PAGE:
suggest future improvement. and to indicate needed maintenance or repairs.
A l s o , they provide means to keep records that can prove invaluable in
determining the causes producing abnormal operation of the system.
3 . 1 Pressure Recorders. P r e s s u r e recorders generally use a low-pressure
d i a p h r a g m or a tube of oval cross-section wound in a helical or spiral coil
shape. The diaphragm or coil end is connected to a pen arm, directly or
t h r o u g h link and levers; the other end is connected to the pressure source.
The pen records upon a chart which is driven by spring wound clockwork, a
s y n c h r o n o u s electric motor, or a battery drive. T h e operating principle is
the same as for the Bourdon tube.
3 . 2 Temperature Recorders. A common type of temperature recorder consists of
a thermal system including a bulb, capillary tubing, and a helical coil. The
s y s t e m may be filled with gas, vapor, or liquid. I n operation, temperature
changes at the bulb cause pressure changes in the medium filling the system.
T h e pressure changes actuate the helical coil (measuring element), which
through the pen arm, records the pressure changes in terms of temperature.
T h e pen is attached at the free end of the helical coil through proper linkage
and records on a chart. A rotating assembly, operated by clockwork or by a
s y n c h r o n o u s electric motor, is used to mount the chart. A temperature
r e c o r d i n g is shown in figure 6-5 as part of a flowmeter.
3 . 3 Flow Recorders. R e c o r d i n g flowmeters are often provided with integrating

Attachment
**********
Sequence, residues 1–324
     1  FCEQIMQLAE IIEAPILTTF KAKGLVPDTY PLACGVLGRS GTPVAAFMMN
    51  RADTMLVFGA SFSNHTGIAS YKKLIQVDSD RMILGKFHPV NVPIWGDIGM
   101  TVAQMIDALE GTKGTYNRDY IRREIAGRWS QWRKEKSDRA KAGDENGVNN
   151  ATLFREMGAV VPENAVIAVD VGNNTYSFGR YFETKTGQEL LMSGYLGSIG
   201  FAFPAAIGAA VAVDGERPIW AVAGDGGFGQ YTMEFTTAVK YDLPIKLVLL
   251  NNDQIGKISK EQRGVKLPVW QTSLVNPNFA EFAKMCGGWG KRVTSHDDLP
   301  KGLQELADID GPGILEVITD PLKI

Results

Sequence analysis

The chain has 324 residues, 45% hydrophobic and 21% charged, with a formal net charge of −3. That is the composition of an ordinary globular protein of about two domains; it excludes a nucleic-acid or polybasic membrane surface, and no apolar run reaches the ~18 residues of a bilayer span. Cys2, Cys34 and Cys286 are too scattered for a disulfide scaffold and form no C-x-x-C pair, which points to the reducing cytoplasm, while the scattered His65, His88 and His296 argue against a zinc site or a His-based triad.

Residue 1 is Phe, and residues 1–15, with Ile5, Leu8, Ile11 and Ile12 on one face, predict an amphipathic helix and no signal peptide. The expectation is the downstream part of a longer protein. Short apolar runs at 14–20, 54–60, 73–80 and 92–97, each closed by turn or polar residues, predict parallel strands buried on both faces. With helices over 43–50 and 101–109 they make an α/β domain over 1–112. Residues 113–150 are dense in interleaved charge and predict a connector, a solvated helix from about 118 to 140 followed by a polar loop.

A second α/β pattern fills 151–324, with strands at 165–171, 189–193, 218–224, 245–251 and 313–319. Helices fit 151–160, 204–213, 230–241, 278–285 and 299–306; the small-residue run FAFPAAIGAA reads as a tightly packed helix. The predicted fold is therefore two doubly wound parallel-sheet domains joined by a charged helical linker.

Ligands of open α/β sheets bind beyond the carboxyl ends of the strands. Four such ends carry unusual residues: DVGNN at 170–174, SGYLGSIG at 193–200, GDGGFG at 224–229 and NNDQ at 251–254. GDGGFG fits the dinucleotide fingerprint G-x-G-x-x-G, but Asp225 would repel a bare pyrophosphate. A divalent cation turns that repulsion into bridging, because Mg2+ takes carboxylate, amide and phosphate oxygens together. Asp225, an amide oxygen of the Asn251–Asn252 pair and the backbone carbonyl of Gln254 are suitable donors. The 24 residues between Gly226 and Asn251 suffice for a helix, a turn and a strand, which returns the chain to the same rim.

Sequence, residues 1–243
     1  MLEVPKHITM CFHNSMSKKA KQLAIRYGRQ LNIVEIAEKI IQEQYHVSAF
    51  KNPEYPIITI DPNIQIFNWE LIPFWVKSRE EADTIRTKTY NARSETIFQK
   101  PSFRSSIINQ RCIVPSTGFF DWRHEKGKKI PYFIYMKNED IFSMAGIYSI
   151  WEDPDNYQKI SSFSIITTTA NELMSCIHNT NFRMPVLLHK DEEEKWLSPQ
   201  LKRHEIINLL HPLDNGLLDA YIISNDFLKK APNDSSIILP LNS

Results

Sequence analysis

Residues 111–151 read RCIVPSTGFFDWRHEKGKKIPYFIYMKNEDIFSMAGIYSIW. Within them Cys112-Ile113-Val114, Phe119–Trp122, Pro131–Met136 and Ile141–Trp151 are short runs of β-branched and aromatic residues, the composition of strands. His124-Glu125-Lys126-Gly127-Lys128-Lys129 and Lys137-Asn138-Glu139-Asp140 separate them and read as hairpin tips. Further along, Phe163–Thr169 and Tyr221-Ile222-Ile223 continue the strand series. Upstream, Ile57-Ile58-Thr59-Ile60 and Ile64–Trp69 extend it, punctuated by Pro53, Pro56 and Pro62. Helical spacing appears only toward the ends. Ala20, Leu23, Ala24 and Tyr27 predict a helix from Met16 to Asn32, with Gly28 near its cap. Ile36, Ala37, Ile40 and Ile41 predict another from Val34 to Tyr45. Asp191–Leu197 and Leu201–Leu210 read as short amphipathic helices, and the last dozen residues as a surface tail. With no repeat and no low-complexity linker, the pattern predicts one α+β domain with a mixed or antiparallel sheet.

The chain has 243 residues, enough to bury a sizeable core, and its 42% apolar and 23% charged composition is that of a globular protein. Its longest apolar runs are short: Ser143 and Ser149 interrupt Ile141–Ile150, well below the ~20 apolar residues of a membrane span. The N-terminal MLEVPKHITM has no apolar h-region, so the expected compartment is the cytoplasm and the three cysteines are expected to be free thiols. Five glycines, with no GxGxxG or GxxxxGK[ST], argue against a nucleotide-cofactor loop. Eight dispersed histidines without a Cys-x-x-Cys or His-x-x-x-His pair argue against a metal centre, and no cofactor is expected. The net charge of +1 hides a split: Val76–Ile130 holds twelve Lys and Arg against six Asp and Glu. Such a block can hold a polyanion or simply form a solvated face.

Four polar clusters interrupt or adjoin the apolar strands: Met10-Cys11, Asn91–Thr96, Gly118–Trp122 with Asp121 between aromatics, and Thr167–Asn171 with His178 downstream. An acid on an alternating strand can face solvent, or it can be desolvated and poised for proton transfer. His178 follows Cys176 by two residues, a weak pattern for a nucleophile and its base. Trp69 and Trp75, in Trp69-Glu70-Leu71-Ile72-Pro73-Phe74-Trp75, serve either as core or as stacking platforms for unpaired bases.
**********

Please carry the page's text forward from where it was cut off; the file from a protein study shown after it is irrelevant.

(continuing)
m e c h a n i s m s that totalize the amount of flow during a given period of time.
T h e principle of operation follows.
( a ) A primary element produces a localized pressure drop in the fluid.
T h e flow rate is always proportional to the square root of the pressure drop.
(b) A secondary element, consisting of a U-tube mercury manometer,
r e c e i v e s the signal from the primary element. I n operation, t h e l o c a l i z e d
p r e s s u r e drop created by the primary element in the pipe is transmitted to the
U - t u b e through the low- and high-pressure connections.
( c ) The differential pressure acting on the mercury causes the float in
t h e float chamber to rise or fall following the variations in the flow through
t h e primary element.
( d ) Motion of the float is transmitted through suitable linkage to the
p e n arm shaft that records rate of flow on the chart.
(e) The chart is mounted on a rotating assembly driven by a clockwork
mechanism or by a self-starting synchronous motor as shown in figure 6-6.
( f ) Check valves in the high- and low-pressure chambers prevent loss of
mercury in case of:
q Flow reversal
q Violent fluctuations in flow